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Viruses hitch a ride in the cell

Viruses can travel around cells they infect by hitching a ride on a microscopic transport system, according to new research.

Cells are exposed to foreign DNA and RNA and it is understood that some of this genetic material can be integrated into the host genome. Using modern microscopic techniques, scientists have been able to see how virus DNA is transported in the cell.

Professor Dr Urs Greber from the University of Zurich will describe interactions between viruses and the cell cytoskeleton today (Tuesday 24 June 2008) at the new SGM-RMS satellite meeting, part of the prestigious MICROSCIENCE 2008 conference being held this week at the ExCeL conference centre in London.

"We have been using human adenoviruses (Ads) to investigate transport processes of foreign DNA in the cytoplasm of human cells," said Professor Dr Greber. "Adenoviruses are a diverse family of agents that replicate their DNA genome in the cell nucleus. We wanted to find out how the virus gets to the nucleus to replicate. To do this we have been using live cell fluorescence microscopy, which means we can literally watch the virus travelling inside the cell."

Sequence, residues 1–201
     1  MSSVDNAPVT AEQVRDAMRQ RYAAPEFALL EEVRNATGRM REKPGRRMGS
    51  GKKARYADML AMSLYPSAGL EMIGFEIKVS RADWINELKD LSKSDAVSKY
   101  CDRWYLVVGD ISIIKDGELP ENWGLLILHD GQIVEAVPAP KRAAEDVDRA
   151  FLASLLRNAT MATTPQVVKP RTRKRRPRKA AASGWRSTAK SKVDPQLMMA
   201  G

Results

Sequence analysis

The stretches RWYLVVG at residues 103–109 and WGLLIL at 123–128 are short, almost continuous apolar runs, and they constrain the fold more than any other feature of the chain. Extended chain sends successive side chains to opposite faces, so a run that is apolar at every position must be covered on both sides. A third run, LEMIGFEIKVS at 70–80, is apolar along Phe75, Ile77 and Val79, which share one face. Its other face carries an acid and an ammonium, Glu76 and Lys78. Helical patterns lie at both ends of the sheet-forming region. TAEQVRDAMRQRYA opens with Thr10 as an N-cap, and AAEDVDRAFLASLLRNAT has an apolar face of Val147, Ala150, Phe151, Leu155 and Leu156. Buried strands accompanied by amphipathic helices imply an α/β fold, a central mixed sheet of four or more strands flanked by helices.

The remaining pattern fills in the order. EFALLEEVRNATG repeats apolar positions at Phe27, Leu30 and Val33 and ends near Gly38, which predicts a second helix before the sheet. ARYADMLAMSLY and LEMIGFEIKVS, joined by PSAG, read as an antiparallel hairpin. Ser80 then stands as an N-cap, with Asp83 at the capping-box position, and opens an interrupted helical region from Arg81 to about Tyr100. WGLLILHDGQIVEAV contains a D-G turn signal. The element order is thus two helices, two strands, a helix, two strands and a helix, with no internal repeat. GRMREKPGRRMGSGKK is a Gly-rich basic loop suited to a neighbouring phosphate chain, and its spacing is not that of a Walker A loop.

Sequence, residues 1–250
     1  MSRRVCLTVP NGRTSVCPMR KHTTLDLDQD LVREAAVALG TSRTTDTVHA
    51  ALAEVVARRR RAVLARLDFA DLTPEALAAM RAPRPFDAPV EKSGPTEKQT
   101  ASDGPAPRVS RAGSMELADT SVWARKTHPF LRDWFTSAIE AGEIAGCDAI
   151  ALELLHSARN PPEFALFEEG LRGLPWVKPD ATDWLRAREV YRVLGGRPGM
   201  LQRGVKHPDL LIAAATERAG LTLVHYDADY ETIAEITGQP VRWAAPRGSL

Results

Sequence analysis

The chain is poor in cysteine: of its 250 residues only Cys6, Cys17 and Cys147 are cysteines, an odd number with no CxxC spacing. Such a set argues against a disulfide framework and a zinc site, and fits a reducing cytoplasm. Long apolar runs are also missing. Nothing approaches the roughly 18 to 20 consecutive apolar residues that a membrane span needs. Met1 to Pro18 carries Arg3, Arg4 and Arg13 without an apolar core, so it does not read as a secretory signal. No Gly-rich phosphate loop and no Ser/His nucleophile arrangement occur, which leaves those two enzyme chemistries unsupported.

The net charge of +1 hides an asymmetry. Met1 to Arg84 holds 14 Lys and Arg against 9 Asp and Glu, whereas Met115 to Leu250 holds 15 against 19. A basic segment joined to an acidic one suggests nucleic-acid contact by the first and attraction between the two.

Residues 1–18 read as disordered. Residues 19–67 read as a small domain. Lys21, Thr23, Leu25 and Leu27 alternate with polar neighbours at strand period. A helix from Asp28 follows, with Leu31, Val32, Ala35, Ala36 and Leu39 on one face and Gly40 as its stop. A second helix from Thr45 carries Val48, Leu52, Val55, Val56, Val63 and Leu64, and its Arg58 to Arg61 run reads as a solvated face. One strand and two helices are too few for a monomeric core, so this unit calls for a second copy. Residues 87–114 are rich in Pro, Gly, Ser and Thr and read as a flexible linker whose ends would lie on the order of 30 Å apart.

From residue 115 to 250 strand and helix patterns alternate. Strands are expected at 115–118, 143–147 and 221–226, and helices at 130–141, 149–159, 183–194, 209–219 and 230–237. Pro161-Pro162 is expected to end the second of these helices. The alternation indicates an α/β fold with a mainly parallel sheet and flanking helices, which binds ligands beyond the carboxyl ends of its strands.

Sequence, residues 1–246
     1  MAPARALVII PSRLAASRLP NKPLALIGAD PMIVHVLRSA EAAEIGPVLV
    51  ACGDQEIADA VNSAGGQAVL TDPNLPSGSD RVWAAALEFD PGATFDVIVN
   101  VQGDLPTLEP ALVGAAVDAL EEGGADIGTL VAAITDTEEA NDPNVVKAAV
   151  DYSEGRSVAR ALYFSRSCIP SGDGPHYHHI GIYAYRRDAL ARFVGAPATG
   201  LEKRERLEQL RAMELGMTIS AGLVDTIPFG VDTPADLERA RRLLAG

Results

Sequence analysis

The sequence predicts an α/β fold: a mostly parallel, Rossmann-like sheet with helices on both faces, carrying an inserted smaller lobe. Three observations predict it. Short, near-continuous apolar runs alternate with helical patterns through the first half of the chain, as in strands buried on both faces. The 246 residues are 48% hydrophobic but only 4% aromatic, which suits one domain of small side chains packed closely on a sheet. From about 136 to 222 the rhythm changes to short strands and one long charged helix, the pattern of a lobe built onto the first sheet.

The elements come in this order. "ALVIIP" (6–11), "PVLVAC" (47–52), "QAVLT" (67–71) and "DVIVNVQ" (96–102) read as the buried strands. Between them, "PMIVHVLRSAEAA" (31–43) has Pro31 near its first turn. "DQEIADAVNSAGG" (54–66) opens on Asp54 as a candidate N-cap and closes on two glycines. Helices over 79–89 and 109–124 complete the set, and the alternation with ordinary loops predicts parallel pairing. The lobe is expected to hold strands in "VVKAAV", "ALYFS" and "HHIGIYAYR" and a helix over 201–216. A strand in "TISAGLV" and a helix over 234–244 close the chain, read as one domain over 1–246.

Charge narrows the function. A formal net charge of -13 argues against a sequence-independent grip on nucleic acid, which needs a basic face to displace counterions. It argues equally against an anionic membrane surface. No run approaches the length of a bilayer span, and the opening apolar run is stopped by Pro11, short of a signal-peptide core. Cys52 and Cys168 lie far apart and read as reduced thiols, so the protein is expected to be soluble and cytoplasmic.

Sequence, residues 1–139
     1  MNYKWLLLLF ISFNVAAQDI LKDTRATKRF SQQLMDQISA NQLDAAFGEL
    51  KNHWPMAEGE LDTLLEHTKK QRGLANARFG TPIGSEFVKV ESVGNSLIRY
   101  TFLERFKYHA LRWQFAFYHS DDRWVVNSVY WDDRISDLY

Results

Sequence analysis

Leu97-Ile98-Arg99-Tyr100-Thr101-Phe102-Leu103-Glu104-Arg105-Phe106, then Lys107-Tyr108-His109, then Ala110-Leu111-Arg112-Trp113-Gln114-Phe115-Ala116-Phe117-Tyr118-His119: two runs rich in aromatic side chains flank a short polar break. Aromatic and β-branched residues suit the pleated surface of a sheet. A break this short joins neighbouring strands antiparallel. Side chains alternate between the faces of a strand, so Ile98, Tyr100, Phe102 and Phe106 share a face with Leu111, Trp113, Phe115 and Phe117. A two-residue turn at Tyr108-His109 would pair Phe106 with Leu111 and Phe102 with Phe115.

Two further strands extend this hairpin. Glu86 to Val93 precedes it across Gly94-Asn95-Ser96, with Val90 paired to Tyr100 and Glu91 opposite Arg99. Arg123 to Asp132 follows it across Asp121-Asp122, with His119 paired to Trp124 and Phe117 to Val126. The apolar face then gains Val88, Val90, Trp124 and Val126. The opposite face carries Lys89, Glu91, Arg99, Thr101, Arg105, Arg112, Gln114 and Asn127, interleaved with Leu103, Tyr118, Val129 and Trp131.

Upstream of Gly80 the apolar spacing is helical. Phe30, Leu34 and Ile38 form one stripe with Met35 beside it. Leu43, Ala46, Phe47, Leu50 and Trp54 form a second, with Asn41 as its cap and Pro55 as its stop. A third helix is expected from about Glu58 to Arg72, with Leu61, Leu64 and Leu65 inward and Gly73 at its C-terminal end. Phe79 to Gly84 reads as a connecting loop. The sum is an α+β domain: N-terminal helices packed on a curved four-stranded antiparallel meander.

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Human adenoviruses can cause respiratory, urinary and digestive infections. They occasionally cause epidemic conjunctivitis, and can be fatal in immunocompromised patients. Adenoviruses can aggravate asthmatic conditions, and are associated with deadly gastroenteritis in babies. This research improves our knowledge of how the virus replicates in host cells.

"Virus DNA is transported from the edge of the cell to the nucleus in the middle by attaching to microtubules. These are microscopic tubes that form part of the cytoskeleton, keeping the cell in shape and carrying molecules around in the cytoplasm," said Professor Dr Greber. "We found an unexpected new link between microtubule-based transport in the cytoplasm of the cell and the import of virus DNA to the nucleus."

Other talks at the one-day SGM meeting will concentrate on the 'tussle' that takes place when a host cell tries to fight back against an invading pathogen. Sir David King will start the day by talking about the 'Twenty first century challenges of sustainability and wellbeing'.

Professor Timo Hyypia (University of Turku) will speak on 'Cellular interactions of enteroviruses' and Dr Mark Jepson (University of Bristol) will look at the way in which bacteria invade cells. The manipulation of cellular compartments by the SARS coronavirus for replication purposes will also be discussed by Dr Marjolein Kikkert (Leiden University Medical Centre).

Lucy Goodchild | alfa
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